For some time blockchain developers have grappled with the speed and scaling limitations of the technology. In recent months, however, new approaches to so-called “sidechains,” which are separate blockchains linked to larger blockchains such as the one underlying bitcoin (BTC), appear to offer potential solutions.
In late September, the Liquid network launched with the support of more than 20 exchanges and companies. Its developer, Blockstream, has experimented with sidechain functionality since launching its Elements project in 2015. Earlier this year, RSK went live with its own sidechain attached to bitcoin’s network; it allows developers to deploy their own applications and smart contracts.
“The implications of usable sidechains are huge, and the positives clearly outweigh the negatives,” Lucas Nuzzi, lead researcher for Digital Asset Research, said in a series of tweets last week.
Here are four ways sidechains could transform the blockchain space:
Boost Speed, Security and Scale
Blockchains have consensus-reaching mechanisms designed to confirm transactions across their networks. They’re a strength because they ensure the security and immutability of transactions. Yet, they can also be time consuming, a weakness.
One of the selling points of sidechains is they enable greater privacy by recording only a small amount of information to bitcoin’s public blockchain.
Addressing this key hurdle is one of the goals of the Liquid network, which will use its sidechain to send and settle bitcoin transactions much more quickly. That’s a big reason exchanges represent the majority of the network’s launch partners. The technology “will fundamentally change the digital currency exchange landscape by allowing traders and market makers to move their bitcoin holdings instantly within the network,” Philip G. Potter, Bitfinex’ chief strategy officer, said in a statement.
The Lightning Network plays much the same role, though technically it isn’t a sidechain. Instead, it’s a protocol that creates micropayment channels between buyers and sellers that move transactions off not just the main bitcoin blockchain, but all blockchains. BAKKT, the potential 300-pound gorilla announced earlier this year by the parent company of the New York Stock Exchange and other financial giants, also plans a similar off-chain approach to speed cryptocurrency transactions.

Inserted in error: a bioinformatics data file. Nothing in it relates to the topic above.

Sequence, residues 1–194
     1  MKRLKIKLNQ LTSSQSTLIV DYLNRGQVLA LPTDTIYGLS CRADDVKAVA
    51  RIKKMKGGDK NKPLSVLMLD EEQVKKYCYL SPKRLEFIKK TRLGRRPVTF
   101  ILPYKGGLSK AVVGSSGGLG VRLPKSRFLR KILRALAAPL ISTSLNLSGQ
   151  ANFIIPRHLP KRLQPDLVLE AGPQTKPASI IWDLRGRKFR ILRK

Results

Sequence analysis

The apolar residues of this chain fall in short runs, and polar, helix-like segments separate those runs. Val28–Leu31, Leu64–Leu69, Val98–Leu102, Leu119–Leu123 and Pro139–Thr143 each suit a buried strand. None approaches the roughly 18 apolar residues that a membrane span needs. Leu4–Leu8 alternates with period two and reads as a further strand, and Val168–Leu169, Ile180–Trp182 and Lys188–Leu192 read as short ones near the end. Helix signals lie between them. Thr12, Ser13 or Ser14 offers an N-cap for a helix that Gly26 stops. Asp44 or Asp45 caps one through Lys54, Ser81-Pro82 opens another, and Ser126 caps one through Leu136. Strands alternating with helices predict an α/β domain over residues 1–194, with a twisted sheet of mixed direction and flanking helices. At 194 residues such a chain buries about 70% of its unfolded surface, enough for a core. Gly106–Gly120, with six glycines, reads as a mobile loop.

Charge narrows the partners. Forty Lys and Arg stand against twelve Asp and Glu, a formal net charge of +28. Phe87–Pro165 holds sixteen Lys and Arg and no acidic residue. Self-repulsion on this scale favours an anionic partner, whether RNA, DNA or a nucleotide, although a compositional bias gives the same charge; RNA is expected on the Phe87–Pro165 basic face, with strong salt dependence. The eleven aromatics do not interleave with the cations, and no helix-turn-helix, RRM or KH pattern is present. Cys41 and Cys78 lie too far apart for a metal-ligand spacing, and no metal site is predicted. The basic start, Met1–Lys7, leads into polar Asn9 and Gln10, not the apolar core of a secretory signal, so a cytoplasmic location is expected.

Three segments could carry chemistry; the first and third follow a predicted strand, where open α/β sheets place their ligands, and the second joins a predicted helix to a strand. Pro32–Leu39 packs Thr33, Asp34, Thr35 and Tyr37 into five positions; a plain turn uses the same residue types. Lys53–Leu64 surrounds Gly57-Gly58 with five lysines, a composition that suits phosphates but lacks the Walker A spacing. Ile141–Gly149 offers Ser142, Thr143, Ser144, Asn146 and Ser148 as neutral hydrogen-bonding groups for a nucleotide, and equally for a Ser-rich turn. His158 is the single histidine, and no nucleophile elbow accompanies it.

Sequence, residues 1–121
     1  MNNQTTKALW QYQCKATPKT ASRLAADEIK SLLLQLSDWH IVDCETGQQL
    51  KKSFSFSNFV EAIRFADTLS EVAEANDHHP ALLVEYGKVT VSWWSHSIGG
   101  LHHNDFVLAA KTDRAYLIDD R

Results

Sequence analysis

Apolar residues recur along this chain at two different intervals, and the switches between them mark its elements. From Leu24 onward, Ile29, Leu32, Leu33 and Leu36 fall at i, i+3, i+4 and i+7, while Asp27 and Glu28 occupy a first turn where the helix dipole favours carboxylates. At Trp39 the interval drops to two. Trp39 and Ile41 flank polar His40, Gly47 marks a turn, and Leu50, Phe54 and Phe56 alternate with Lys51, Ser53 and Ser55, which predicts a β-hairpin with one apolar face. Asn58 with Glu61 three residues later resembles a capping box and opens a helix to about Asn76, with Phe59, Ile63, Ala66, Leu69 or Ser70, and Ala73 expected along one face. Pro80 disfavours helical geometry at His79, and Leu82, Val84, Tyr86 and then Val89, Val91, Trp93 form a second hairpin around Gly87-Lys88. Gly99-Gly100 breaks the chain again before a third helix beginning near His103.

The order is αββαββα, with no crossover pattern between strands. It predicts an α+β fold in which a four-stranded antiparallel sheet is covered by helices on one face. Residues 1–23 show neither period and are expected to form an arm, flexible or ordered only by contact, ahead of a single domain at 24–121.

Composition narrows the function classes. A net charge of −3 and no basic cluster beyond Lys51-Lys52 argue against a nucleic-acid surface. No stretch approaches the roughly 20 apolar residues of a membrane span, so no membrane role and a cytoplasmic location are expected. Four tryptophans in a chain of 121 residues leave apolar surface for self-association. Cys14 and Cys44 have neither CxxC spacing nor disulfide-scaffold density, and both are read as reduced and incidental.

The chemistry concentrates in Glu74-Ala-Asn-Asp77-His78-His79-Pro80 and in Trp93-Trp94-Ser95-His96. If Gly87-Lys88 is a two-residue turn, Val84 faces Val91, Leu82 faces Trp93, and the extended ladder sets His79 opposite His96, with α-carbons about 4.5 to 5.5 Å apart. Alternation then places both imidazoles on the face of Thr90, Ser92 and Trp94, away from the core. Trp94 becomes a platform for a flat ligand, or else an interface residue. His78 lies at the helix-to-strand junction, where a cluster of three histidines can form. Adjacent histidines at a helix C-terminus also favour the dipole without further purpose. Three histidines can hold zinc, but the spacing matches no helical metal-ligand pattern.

But scaling could ultimately do more than aid large institutional transactions. It’s also touted as a way to enable large numbers of real-time cryptocurrency transactions, making them more feasible for in-store retail payments or online microtransactions such as in-app purchases.
One of the original promises of cryptocurrencies was their anonymity: People could make conduct transactions outside traditional banking and financial systems. The reality, however, is that for bitcoin and many other cryptocurrencies, transactions are recorded in a public blockchain, making it possible for researchers – and governments – to determine the identity of the people behind them.
One of the selling points of sidechains is they enable greater privacy by recording only a small amount of information to bitcoin’s public blockchain. Sidechains allow most of the transaction information to be known only to the sender and receiver.
Support Smart Contracts
RSK touts its sidechain as a way of bringing smart contracts to the bitcoin blockchain, which as originally envisioned didn’t allow them. RSK’s smart contracts are written using the same kind of Turing-complete language as those on Ethereum. The Lightning Network also uses smart contract language to govern transactions, and other developers, including Lisk, are providing tools to allow programmers to build smart contract-based dapps on their own sidechains.
Doing so addresses one of the biggest concerns about smart contracts: their propensity for bugginess. In theory at least, exploits which take advantage of contract bugs on sidechains wouldn’t affect the main chain or protocol to which they’re connected.
Bolster Altcoins or Make them Obsolete
With smart contract functionality, sidechains can have their own tokens and even create their own ICOs, as a South Korean startup called Temco plans to do using the RSK sidechain later this year. But they also may take the shine off Ethereum and other blockchains that were built to provide the kinds of functionality that Satoshi Nakamoto’s original bitcoin blockchain doesn’t offer.
Adding smart contracts, scalability and other features through sidechains “opens the floodgates of potential innovation that altcoins have attempted to lay claim to and use as their only leverage against bitcoin over the last five-plus years,” bitcoin advocate Marty Bent, editor of the Marty’s Bent newsletter, wrote last week. “After years of preaching the idea of keeping [bitcoin] slow, stupid, simple and secure at the protocol level while pushing all the complexity to second layers and sidechains, the vision finally seems to be coming together.”